In the recently released Fifth Assessment Report the Intergovernmental Panel on Climate Change documented more evidence that humans are causing climate change and expanded our understanding of the significance and speed of this change.
The report also addressed a second, independent impact of rising atmospheric CO2 emissions: ocean acidification. While national and international media outlets largely skipped any mention of the report’s findings on ocean acidification, as an ocean scientist my eyes went straight to the section on what we like to call climate change’s “evil twin.” This report marks a noteworthy milestone as the first time the IPCC has addressed in a thorough and meaningful way the science of how carbon dioxide pollution is changing ocean chemistry. The IPCC is currently the only international body reviewing and articulating the state of ocean acidification science, so this report is critical to reporting the current scientific consensus on this issue.
Ocean acidification is not just a concern for the future. On the west coast of the United States, where deeper, more acidified waters regularly upwell to the surface due to weather and currents, our country has felt the effects of ocean acidification earlier than in much of the globe. There, the Pacific Northwest oyster growing industry nearly collapsed before scientists were able to help devise strategies and monitoring to mitigate ocean acidification’s effects.
Yet while Northwest oyster hatcheries have been rescued for the present, new issues have surfaced elsewhere. Ocean acidification and warming waters are stressing coral reefs. Numerous other marine organisms are at risk. Many fishermen and shellfish growers from Alaska to Massachusetts are worried about where trouble might happen next.
The report’s news on ocean acidification is sobering, outlining clearly the process of chemical changes thus far and the expected changes in the future should we continue to pollute our air and water with excess CO2.
Some key information from the IPCC’s report:
- There is solid evidence that our carbon emissions are changing the basic chemistry of oceans
- Rising CO2 is causing other measurable changes in the ocean’s vital signs. The oceans are warming, and there have been changes in ocean oxygenation and salinity.
- Estimates indicate that by the end of this century the average surface ocean pH could be lower than it has been for more than 50 million years.
If earlier scientific findings weren’t enough to stir action, this report should be taken as an immediate call for change. Fortunately, there are at least three major steps we can take to solve the ocean acidification problem:
- The principal contributor to ocean acidification in much of the oceans is carbon pollution, so, first and foremost, we can slow changes to ocean chemistry by cutting carbon emissions. NRDC is hard at work on this issue. The largest source of those emissions in the United States is power plants, which is why we have pressed for limits on power plant carbon emissions. Last month, the U.S. Environmental Protection Agency issued the first-ever national carbon standards for new power plants, and in June President Obama directed the agency to do the same for existing power plants. NRDC will continue urging the administration to make the standards as strong as possible.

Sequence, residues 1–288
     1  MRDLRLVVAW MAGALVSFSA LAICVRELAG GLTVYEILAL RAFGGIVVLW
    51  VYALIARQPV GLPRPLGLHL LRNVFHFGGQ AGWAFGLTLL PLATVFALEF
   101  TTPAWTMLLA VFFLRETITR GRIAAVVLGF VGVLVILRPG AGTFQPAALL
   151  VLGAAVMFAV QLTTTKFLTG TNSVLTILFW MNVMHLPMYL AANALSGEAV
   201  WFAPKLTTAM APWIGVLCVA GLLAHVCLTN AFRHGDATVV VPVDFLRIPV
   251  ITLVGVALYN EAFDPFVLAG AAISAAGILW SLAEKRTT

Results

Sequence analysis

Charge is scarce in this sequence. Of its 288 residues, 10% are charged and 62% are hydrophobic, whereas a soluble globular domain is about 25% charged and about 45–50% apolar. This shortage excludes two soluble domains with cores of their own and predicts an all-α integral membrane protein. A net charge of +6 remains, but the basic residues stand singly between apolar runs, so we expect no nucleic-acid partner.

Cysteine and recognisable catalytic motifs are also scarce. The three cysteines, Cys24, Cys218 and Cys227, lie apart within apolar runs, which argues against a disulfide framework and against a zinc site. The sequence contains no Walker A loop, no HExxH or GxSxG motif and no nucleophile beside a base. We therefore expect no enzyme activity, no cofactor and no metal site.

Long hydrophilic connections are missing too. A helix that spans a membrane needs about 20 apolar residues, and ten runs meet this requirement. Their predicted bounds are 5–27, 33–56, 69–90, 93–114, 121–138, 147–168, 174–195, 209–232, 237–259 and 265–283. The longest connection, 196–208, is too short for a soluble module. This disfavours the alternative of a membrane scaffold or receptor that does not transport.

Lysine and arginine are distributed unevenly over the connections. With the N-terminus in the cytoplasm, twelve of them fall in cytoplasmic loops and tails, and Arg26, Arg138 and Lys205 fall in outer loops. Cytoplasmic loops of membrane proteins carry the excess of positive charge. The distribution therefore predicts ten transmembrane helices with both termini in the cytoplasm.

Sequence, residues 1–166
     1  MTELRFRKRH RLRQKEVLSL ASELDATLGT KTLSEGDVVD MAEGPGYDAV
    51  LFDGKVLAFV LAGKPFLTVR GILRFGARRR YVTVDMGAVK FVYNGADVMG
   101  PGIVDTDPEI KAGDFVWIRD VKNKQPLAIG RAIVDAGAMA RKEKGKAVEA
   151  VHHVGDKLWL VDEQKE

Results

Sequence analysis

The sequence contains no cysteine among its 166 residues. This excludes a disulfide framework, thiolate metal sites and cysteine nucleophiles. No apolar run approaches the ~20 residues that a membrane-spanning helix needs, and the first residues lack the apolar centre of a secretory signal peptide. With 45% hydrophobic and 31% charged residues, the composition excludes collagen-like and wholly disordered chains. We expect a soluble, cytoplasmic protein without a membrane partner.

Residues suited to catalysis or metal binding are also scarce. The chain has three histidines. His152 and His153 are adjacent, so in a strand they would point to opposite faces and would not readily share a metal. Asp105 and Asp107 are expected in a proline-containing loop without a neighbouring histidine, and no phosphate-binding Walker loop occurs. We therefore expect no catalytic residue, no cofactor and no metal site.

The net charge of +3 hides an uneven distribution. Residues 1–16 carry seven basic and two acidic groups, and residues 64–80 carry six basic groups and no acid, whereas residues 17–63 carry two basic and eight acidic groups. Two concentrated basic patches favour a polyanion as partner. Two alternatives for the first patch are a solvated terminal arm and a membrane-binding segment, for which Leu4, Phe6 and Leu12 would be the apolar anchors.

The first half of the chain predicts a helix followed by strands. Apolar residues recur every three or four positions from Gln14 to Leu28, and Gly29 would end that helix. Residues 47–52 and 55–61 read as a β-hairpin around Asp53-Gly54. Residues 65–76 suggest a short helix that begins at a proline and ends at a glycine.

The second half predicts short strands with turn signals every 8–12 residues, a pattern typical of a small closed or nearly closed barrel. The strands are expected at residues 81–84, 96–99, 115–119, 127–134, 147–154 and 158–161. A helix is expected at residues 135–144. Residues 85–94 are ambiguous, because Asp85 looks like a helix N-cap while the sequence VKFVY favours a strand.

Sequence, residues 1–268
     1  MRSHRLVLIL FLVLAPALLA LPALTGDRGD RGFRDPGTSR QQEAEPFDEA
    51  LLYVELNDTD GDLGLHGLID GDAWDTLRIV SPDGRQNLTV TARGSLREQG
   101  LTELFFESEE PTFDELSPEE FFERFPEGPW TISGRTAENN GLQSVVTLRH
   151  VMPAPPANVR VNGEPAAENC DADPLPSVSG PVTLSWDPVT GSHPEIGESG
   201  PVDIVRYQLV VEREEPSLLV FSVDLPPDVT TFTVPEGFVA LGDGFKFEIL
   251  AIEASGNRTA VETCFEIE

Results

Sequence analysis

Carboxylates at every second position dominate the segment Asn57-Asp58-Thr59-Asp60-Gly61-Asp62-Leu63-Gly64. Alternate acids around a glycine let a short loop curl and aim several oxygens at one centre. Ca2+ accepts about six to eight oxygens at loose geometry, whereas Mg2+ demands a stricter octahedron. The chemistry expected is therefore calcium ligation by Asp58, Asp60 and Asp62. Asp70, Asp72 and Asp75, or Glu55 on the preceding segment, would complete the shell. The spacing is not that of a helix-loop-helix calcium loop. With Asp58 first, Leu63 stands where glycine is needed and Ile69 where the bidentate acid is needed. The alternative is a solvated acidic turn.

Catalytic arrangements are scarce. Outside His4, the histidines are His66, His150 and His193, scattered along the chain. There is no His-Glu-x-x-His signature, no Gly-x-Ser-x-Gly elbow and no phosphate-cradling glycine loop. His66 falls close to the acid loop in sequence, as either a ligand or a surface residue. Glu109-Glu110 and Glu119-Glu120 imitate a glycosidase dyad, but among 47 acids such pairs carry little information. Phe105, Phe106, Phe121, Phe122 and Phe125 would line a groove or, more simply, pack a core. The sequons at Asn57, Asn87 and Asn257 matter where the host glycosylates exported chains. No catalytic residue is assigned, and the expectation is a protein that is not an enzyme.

- We also need to increase our monitoring of ocean chemistry. If we can figure out where ocean acidification is happening most rapidly, we can help those in the fishing and aquaculture industries to prepare for change. To that end, NRDC has been strongly advocating for increased research funds from the federal government and other sources to establish both national and global monitoring networks. We are also partnering with Woods Hole Oceanographic Institute and Duke University on a study to identify where ocean acidification will have the most acute effect on coastal communities. Monitoring has protected businesses in the Pacific Northwest, and can be a strong tool for the future.
- Third, just as taking care of your health can help you withstand disease, so can increasing the health and resilience of marine ecosystems soften the effects of changing pH. We may be able to mitigate the potential effects of ocean acidification by addressing other environmental stresses such as water pollution, low-oxygen dead zones and overfishing. The U.S. National Ocean Policy is helping us to put healthy oceans front and center as we manage ocean industries in our country.
The science documented in the IPCC report shows clearly that ocean chemistry is changing just as surely as climate due to our carbon emissions. Now it’s time to act on that information and protect a resource vital to our citizens and our future.
Photo: Paul Edmondson